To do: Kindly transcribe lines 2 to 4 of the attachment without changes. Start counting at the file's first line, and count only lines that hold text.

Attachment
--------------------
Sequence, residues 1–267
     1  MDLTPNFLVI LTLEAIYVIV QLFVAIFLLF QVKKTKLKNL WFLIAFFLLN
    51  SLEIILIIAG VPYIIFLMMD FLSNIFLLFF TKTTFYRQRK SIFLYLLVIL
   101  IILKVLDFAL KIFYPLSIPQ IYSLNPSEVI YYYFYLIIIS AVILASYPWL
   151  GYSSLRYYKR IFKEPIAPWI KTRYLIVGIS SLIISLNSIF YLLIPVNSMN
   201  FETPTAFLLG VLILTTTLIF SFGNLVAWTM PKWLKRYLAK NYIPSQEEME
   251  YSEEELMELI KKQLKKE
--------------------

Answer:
     1  MDLTPNFLVI LTLEAIYVIV QLFVAIFLLF QVKKTKLKNL WFLIAFFLLN
    51  SLEIILIIAG VPYIIFLMMD FLSNIFLLFF TKTTFYRQRK SIFLYLLVIL
   101  IILKVLDFAL KIFYPLSIPQ IYSLNPSEVI YYYFYLIIIS AVILASYPWL